Multiple routes to adaptation
Organisms can respond plastically to novel conditions to generate functional variation. The specific adaptive phenotypes generated need not be the direct targets of past selection. Rather, they are often the expression of the more general ability of developmental processes to accommodate novel inputs adaptively, enabling functionally integrated responses to a broad range of conditions (West-Eberhard 2003; Kirschner & Gerhart 2007).
Moreover, through niche construction, environments can be changed by organisms to suit themselves. Consider the example of the earthworms which, despite living on land for millions of years, have retained the characteristic physiology of the freshwater animals from which they evolved (Turner 2000). For instance, earthworms produce large quantities of dilute urine, a trait that on land leaves them highly vulnerable to desiccation. Earthworms can only survive because they process the soil in ways that allow them to draw water into their bodies more effectively. They construct a simulated aquatic environment on land.
The key point is that the adaptive complementarity of earthworms and soils results to a large extent from the worms changing the soil through niche construction, rather than natural selection changing the worms to a typical terrestrial physiology.
Traditionally, the latter route has not been recognized as an alternative to adaptation – after all, the earthworm’s niche-constructing traits are adaptations too. However, the conventional stance assumes a particular model of biological causation, which advocates of the niche-construction perspective reject (Laland et al. 2011).
From the niche-construction perspective, the current selective environment was itself brought about through earlier niche construction, which caused the bout of selection. The attribution of all causal significance to selection fails to capture the true reciprocal nature of causation in this system.
Central to these debates are different assumptions concerning the independence or interdependence of the causes of phenotypic variation, differential fitness and inheritance, which are Lewontin’s (1970) three conditions for evolution by natural selection (Walsh 2015; Uller & Helanterä 2019). Traditionally, evolutionary biologists have assumed these processes are quasi-independent, but in practice they are often causally intertwined.
An orthodox stance would not recognize earthworm niche construction as an evolutionary cause but rather treat it as the outcome of earlier natural selection that favored earthworm soil-processing capabilities.
Implicit in this reasoning is the separation of the processes that generate variation (e.g., mutations in soil-processing activity) and the causes of fitness differences (e.g., the alternative environmental conditions that favored those mutations). This allows the explanation for the adaptive fit between earthworms and their soil environment to begin with that change in ancestral environmental conditions that generated selection for earthworm soil processing.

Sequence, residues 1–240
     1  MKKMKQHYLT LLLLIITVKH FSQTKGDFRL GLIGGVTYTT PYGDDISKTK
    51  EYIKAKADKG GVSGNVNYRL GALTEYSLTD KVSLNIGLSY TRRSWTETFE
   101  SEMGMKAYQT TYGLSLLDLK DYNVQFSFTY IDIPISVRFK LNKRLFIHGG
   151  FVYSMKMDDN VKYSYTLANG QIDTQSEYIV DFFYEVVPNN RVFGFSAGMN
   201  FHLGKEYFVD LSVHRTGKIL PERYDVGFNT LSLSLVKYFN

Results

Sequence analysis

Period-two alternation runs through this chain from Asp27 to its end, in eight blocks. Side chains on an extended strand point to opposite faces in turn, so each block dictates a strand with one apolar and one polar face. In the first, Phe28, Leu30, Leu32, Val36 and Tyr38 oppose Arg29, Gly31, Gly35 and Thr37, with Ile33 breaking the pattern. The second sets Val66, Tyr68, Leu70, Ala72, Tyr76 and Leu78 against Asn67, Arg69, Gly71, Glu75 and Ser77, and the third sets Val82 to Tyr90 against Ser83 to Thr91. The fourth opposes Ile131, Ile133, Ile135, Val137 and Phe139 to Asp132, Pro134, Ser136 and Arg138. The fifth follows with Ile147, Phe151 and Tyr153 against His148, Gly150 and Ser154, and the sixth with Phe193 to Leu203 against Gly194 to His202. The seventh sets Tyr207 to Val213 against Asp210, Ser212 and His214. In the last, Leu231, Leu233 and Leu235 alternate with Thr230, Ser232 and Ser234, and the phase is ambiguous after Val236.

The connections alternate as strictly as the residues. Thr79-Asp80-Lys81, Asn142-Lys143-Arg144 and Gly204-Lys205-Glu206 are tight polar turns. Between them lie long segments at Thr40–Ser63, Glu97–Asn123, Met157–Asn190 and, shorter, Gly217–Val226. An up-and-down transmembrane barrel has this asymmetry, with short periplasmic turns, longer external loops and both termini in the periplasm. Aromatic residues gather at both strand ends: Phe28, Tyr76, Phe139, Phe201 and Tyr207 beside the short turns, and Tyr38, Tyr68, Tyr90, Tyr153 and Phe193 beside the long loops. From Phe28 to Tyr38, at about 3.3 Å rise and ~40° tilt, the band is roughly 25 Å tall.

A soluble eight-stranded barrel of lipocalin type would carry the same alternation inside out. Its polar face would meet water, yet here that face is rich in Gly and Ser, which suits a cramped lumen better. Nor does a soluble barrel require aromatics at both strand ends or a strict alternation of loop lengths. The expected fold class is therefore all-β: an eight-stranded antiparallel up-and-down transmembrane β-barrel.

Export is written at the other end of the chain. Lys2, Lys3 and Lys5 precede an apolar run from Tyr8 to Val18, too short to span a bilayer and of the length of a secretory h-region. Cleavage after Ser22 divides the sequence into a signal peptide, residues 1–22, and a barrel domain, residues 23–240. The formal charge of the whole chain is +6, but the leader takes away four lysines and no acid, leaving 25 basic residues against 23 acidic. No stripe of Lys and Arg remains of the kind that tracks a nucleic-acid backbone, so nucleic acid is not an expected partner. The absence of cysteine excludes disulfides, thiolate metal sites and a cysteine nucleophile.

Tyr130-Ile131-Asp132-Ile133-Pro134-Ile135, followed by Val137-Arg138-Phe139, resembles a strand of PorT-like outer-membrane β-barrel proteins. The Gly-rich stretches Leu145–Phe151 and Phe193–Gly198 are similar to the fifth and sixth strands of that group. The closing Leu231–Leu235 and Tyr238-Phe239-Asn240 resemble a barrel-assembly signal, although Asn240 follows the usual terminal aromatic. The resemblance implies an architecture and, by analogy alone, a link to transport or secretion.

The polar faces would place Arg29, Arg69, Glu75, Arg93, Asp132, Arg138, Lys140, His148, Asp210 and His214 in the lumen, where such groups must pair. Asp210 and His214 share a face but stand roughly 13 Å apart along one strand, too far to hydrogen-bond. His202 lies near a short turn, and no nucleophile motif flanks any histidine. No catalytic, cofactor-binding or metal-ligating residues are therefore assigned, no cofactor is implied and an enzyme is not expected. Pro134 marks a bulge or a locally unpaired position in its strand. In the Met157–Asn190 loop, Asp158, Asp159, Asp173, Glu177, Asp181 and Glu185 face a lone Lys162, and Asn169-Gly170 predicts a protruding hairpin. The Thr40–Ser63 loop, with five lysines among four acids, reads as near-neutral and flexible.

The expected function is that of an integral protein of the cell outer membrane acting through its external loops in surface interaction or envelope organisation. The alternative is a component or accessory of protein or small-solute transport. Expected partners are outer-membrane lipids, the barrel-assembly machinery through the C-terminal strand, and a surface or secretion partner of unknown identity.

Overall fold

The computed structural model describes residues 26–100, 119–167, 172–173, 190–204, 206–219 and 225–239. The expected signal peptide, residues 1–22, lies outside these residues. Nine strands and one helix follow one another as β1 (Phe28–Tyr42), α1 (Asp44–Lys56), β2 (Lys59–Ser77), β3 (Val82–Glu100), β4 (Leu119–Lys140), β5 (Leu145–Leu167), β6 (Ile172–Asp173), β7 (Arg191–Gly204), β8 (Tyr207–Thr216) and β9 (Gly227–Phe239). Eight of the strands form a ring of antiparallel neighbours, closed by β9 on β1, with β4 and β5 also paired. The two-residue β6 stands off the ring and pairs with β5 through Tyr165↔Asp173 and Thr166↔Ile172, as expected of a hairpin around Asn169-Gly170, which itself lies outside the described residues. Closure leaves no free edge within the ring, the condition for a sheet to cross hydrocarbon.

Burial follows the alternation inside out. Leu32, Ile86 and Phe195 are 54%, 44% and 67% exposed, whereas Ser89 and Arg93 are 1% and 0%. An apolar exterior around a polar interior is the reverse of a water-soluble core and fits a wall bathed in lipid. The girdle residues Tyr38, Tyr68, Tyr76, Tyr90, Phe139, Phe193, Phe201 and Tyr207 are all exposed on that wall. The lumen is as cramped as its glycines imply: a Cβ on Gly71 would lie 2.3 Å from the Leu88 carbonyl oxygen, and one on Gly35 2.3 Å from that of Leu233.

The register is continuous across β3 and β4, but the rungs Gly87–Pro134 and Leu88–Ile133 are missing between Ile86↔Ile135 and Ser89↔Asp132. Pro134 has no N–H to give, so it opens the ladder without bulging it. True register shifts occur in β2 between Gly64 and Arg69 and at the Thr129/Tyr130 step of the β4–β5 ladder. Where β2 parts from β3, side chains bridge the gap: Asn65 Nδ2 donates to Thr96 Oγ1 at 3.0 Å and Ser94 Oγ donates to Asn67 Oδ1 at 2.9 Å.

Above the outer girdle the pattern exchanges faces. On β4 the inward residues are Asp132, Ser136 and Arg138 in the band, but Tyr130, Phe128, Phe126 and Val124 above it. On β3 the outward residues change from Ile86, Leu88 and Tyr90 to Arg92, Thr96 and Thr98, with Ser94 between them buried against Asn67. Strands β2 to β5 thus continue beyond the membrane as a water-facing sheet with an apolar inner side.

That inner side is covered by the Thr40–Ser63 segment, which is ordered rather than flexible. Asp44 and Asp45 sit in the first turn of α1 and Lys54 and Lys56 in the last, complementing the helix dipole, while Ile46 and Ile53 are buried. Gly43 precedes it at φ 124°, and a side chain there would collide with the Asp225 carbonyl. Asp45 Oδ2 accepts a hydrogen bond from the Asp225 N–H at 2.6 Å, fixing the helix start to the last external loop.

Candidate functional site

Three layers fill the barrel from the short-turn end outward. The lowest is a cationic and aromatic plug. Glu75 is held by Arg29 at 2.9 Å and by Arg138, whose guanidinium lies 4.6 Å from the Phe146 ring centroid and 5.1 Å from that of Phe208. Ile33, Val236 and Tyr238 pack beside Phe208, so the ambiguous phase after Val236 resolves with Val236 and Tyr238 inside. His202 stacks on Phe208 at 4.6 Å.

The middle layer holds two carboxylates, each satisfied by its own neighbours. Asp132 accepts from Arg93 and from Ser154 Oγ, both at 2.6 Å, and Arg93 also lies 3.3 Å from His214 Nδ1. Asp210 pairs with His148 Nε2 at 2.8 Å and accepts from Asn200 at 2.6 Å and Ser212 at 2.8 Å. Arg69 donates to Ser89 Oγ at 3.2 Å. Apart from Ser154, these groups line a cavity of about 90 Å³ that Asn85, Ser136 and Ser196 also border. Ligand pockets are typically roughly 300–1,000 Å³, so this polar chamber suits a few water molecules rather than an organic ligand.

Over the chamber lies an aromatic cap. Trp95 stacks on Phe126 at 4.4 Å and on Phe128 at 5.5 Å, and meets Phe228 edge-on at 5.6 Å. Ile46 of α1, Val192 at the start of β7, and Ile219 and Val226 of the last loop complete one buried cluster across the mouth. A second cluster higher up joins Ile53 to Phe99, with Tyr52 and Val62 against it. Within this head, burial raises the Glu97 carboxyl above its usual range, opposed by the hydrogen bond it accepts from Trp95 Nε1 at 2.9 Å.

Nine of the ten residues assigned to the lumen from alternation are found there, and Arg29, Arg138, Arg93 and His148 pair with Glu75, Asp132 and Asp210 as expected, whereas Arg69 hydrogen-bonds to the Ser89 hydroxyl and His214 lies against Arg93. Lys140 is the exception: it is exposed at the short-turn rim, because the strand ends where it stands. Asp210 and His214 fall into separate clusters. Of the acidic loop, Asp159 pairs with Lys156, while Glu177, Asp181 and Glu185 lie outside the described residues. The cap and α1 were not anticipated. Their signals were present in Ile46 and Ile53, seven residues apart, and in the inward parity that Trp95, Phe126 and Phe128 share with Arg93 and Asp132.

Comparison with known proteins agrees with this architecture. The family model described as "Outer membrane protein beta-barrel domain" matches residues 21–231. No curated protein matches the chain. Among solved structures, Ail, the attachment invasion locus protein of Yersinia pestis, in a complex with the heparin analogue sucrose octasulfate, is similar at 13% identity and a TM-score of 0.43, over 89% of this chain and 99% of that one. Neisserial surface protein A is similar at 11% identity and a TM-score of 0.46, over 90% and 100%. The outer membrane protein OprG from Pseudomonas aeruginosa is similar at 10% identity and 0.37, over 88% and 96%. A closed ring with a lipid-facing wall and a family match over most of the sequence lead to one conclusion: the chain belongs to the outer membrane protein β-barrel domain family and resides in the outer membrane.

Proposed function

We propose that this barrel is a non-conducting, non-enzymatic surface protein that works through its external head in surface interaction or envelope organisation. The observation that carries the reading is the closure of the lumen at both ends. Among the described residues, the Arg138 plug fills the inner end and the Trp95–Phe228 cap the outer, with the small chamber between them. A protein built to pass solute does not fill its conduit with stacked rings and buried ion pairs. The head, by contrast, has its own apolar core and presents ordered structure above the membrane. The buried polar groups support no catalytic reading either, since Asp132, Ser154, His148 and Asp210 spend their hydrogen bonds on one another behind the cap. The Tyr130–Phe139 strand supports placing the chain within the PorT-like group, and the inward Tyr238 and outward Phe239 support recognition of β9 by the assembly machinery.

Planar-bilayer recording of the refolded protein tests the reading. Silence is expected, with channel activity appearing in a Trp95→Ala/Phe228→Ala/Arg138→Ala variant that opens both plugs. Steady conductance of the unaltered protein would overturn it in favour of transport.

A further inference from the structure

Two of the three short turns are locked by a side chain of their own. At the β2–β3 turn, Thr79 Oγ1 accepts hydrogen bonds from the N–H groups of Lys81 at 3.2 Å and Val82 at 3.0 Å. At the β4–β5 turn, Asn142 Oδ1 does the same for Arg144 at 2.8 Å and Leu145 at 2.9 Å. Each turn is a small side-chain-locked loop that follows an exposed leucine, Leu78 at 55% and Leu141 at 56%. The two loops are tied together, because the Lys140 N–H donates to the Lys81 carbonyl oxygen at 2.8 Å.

For instance, in the figure on the right sidebar, (1) a random mutation, (2) changes the earthworms’ soil processing, and (3) is selected because of beneficial effects on fitness.
In reality, because ancestral earthworm activity is itself the cause of the soil environment that favors mutations in soil processing, the causes of variation and fitness differences are not independent (bottom figure). The explanation for the adaptive fit between earthworms and their soil environment cannot begin with those ancestral external environmental conditions that elicited selection for earthworm soil processing, since those conditions were themselves products of earlier earthworm niche construction.
There is no longer a clean separation of selection and variation: these processes are causally intertwinedThe causal inter-dependence of the processes that generate phenotypic variation, differential fitness and inheritance. This confound is not resolved by pushing back the explanation to commence with an early episode of selection, as the selective environment is always partly constructed by organismal activities.
Worse, the processes underlying inheritance are also not independent of the causes of variation and fitness. The genetically specified propensity for soil processing that contemporary earthworms inherit only functions effectively as the source of earthworm adaptation to a soil environment because contemporary earthworms also inherit the ecological legacy of a modified soil environment that is the product of ancestral earthworm niche construction.
Traditionally, this causal interdependence has been neglected or downplayed. Recognizing niche construction as an evolutionary process is how niche construction theory builds causal interdependence into evolutionary explanation.
The evolutionary significance of proximate causes
Harvard evolutionary biologist and Modern Synthesis architect Ernst Mayr (1961) wrote about biological causation, distinguishing between proximate and ultimate causes. Mayr equated proximate causation with immediate factors (e.g. physiology) and ultimate causation with evolutionary explanations (e.g. natural selection). He argued that proximate and ultimate causes addressed different questions and were not alternatives, which remains a valid and non-contentious point.
Mayr’s account of causation remains widely accepted today, with both positive and negative ramifications. One negative consequence was that Mayr insisted on a strict separation of proximate and ultimate causes:
“The clarification of the biochemical mechanism by which the genetic program is translated into the phenotype tells us absolutely nothing about the steps by which natural selection has built up the particular genetic program” (Mayr 1980).
This position was based upon a specific view of development:
“All of the directions, controls and constraints of the developmental machinery are laid down in the blueprint of the DNA genotype as instructions or potentialities” (Mayr 1984).
Mayr and his followers argued that developmental (i.e. ontogenetic) processes were irrelevant to the study of evolution. Niche construction is an ontogenetic process, and advocates of the niche-construction perspective, alongside others, have taken issue with Mayr’s treatment of causation (Laland et al. 2011).